Figure 1: Distribution of provincially rare species (represented as buffered polygons the size of which depend on known location accuracy) arranged by provincial rank (Srank) in the Lake Simcoe watershed. Source: Vulnerability Assessment for Provincially Rare Species (Species at Risk) in the Lake Simcoe Watershed.

In 2012, MNRF looked at the Lake Simcoe Watershed to assess the vulnerability of species at risk within the Lake Simcoe watershed in light of climate change. Out of the 62 species at risk known in the watershed, 17 were identified as most at risk and therefore high priority for study. As easily seen in Figure 1, these species were most imperilled (red/orange/yellow) in Barrie, Oro-Medonte, Orillia, Innisfil and Bradford West Gwillimbury.

Further, the vulnerability assessment found that two species at risk were going to face devastating futures factoring in climate change – the Redside Dace and the Jefferson salamander. Assessments concluded that in both cases, the current habitat, which is currently under threat, is the only one left that is suitable for them in the entire watershed.

Side by side pictures of a Red sided Dace and a Jefferson Salamander.
Figures 2 and 3, respectively. A Red Sided Dace on the left and a Jefferson Salamander on the right.

Although from two different ecosystems, what these species tell us is all we need to know about how effective current ESA regulations are at protecting species and their habitat.

Urban development is the most significant threat to both of these species as clearly outlined in their recovery strategies.

The Redside Dace requires clean water with forest cover while the Jefferson Salamander requires connected habitat which includes well-functioning wetlands and clean water systems.

However, their habitats continue to be affected by urbanization despite coherent recovery strategies. That we are not only threatening their “officially recognized habitat”, but also degrading adjacent habitats so they have no other habitat options is a scathing assessment of what we are doing to our landscapes and watersheds.

In Conclusion

With the Species at Risk Conservation Fund and broader changes to the ESA, the future of these species is very grim.

We support the submission of Ontario Nature and, like Ontario Nature, stand strongly opposed to the government implementing the Species at Risk Conservation Fund.

Instead, the government should be implementing policy that puts public health first and foremost. This would include stronger protection of sensitive habitats, measures to increase and strengthen biodiversity, preserving places that are known carbon sinks, flooding regulators and climate change mitigators (wetlands, forests).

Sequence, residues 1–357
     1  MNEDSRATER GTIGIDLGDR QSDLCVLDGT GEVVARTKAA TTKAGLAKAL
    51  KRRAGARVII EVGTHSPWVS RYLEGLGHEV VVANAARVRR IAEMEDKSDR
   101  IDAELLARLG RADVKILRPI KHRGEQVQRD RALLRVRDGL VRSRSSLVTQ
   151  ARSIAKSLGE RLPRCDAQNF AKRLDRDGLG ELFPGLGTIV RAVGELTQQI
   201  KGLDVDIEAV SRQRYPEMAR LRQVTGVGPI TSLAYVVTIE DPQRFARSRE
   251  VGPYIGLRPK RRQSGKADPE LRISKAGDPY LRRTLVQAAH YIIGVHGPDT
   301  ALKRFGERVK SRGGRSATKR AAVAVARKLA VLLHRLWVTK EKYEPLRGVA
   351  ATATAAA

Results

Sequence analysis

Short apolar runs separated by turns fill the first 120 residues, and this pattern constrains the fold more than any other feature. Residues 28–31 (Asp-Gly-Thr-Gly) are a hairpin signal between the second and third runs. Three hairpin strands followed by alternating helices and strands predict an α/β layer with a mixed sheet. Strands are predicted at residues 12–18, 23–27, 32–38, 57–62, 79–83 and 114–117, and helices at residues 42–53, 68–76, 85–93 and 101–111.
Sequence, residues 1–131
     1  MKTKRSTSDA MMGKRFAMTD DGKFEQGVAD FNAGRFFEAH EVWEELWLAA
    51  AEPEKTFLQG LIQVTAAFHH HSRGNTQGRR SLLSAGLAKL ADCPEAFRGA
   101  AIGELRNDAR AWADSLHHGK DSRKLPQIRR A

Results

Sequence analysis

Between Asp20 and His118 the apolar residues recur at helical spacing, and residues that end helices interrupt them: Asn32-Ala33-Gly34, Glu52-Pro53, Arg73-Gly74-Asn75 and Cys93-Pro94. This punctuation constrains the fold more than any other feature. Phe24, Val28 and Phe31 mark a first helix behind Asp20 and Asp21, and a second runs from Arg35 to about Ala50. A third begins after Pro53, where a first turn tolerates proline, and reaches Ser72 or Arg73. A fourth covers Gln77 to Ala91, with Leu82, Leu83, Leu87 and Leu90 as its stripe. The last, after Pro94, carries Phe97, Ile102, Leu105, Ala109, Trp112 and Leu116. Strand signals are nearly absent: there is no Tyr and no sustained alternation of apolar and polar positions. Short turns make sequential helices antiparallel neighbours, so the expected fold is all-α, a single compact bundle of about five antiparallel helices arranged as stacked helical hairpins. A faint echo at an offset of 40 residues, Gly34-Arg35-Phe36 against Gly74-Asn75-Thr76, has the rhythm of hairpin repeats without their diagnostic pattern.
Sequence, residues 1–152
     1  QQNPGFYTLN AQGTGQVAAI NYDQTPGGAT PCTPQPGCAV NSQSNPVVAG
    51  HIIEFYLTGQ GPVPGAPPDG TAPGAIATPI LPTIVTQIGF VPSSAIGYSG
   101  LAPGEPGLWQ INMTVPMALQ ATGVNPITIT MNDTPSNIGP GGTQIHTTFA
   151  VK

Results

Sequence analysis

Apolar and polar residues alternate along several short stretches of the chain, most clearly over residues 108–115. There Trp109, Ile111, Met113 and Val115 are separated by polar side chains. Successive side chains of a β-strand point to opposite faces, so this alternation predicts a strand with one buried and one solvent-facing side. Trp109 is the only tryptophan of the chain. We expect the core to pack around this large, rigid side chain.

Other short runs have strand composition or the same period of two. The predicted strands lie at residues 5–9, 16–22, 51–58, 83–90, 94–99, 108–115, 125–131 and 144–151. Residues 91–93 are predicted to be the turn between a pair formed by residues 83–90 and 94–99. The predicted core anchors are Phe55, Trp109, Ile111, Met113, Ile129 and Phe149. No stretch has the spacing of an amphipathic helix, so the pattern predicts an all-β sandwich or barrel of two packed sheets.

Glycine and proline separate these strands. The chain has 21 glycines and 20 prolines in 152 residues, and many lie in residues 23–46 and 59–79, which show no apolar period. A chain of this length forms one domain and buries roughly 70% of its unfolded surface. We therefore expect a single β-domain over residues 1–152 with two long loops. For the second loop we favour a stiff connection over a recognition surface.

Unfortunately, these proposals move us further away from forward thinking conservation action that has been the backbone of Ontario’s policy structure for decades.

Additional Resources

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Open letter to Minister Clark regarding Bill 229 and keeping faith with Ontarians

…if this government is truly committed to these initiatives, by which we mean that they are not being used as cheap politics to deflect from the criticism, fully deserved, that they are receiving with regard to the policy changes noted above, then we expect the following…

This letter was written after the Province passed Bill 229, which came after a huge outcry from the public, from environmentalists, from Conservation Authorities, and from municipalities, among others, and which prompted the resignation of seven members of the Province’s Greenbelt Council.

Dear Minister Clark.
 

There has been much attention paid lately to the future of our Conservation Authorities – one of the last regulatory bodies designed to protect our environment. In a response to the public outcry regarding the neutering of Conservation Authorities’ ability to protect water, wetlands and public health, Minister Clark made a series of statements and announcements:

First, was the promise of $30 million dollars to “create, restore and enhance wetlands” across Ontario; 

Second, was a promise to improve the “quality and quantity of the Greenbelt”.  

The timing of these announcements is troubling and does not add to our confidence in the government’s commitment to protecting the environment coming, as it has, on the heels of eight members of the Greenbelt Council quitting in protest over provincial policy changes. Changes that former Toronto Mayor and, until he resigned this past week, Chair of the Greenbelt Council, David Crombie outlined as “high-level bombing”.

But we are willing to accept these announcements in good faith, and we look forward to hearing more about these initiatives. To be very clear, however, if this government is truly committed to these initiatives, by which we mean that they are not being used as cheap politics to deflect from the criticism, fully deserved, that they are receiving with regard to the policy changes noted above, then we expect the following: